In chapter 17, when Bob Ewell is called to the witness stand during the trial, Harper Lee provides a page-long description of the Ewell property. The place is behind the town garbage dump and looks like an extension of the dump. The yard contains various types of junk, from an old car on blocks to a dentist's chair to an old icebox. Smaller items are strewn around the place. But there is one part of the yard that contrasts with the ugliness of the rest of the property:
Against the fence, in a line, were six chipped-enamel slop jars holding brilliant red geraniums.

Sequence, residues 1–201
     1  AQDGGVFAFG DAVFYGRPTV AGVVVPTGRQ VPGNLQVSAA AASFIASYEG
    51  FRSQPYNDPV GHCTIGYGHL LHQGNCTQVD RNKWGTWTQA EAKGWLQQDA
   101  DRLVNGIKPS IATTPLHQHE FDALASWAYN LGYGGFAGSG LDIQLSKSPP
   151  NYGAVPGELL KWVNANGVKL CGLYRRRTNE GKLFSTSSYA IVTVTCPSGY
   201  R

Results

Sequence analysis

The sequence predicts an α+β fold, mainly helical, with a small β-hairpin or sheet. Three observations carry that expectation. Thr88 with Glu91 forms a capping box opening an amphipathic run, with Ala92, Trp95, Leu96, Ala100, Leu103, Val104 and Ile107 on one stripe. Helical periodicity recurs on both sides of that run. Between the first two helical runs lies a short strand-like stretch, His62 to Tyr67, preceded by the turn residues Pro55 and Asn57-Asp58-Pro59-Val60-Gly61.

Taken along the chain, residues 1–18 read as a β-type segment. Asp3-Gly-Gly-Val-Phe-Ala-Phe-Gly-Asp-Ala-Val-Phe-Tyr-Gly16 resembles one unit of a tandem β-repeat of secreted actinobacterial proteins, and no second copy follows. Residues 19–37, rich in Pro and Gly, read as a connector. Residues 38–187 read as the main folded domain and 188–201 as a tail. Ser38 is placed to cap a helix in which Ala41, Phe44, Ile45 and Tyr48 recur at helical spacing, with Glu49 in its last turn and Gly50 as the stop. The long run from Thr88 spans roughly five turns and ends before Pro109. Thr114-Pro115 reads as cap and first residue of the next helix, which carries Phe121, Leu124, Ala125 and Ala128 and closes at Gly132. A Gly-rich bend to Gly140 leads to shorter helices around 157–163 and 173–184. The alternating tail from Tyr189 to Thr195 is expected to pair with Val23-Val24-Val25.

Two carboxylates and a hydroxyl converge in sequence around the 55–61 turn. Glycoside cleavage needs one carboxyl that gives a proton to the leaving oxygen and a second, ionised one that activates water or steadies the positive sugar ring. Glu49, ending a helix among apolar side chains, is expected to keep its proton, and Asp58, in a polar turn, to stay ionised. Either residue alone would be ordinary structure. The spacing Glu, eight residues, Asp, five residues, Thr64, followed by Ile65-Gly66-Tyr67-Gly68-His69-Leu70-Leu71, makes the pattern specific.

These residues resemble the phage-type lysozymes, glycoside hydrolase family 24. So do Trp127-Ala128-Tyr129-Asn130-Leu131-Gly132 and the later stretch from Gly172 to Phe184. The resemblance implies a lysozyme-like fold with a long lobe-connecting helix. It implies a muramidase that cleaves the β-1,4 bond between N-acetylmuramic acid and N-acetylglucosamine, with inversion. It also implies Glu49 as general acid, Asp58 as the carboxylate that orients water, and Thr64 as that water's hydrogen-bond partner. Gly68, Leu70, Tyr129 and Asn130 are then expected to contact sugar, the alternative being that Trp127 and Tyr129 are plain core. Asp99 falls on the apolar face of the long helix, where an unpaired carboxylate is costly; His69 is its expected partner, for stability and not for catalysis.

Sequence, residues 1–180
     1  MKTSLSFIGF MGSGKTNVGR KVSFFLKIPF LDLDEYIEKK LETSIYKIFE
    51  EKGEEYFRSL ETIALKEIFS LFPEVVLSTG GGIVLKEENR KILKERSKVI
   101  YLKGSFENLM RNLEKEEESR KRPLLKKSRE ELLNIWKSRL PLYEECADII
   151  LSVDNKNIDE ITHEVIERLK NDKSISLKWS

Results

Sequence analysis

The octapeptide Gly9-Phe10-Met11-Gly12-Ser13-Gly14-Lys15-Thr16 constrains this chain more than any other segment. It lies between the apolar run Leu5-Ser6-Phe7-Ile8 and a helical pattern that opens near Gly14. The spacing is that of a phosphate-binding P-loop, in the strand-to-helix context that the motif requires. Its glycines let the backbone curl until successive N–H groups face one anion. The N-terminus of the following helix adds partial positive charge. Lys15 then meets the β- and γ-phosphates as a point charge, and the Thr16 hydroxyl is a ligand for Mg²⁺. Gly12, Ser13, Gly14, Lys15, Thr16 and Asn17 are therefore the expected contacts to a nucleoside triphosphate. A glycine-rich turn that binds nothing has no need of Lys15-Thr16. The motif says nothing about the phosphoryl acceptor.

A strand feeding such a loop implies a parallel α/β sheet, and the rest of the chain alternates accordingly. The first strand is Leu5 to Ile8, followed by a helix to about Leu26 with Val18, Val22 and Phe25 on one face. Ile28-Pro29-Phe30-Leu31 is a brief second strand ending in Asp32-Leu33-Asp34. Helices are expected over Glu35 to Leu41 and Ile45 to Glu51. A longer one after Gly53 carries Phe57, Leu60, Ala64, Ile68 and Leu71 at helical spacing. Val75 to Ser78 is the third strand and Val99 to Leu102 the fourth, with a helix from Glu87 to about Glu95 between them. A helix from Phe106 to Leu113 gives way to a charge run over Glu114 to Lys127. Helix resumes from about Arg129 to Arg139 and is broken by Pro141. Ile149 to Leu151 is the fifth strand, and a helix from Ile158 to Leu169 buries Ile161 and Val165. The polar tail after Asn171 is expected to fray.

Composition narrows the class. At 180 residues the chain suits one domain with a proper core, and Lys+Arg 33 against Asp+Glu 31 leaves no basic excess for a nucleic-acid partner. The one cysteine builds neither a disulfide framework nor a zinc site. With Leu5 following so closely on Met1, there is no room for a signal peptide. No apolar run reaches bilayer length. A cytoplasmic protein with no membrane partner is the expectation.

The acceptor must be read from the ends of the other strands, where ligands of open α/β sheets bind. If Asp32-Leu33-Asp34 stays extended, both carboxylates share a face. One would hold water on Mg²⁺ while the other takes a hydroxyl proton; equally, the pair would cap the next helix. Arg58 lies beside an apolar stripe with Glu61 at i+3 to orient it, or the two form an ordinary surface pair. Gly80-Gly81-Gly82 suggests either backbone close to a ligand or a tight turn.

Surprisingly, these flowers, though planted in old "slop jars" rather than flower pots, were well-cared-for. Everyone assumed that Mayella was the one who had planted and meticulously tended the geraniums. As the oldest daughter in the motherless family, she would be the only one of the unruly children likely to take on such a task.
These geraniums give an important insight into Mayella, making her a more sympathetic character than she might otherwise be. Her conduct during the trial could cause readers to despise her, but knowing that she had tried to make her ugly corner of the world more beautiful despite such daunting obstacles helps readers respond to Mayella with greater forbearance. She needed someone to tend her as lovingly as she tended her flowers, but she only had a vicious and abusive father.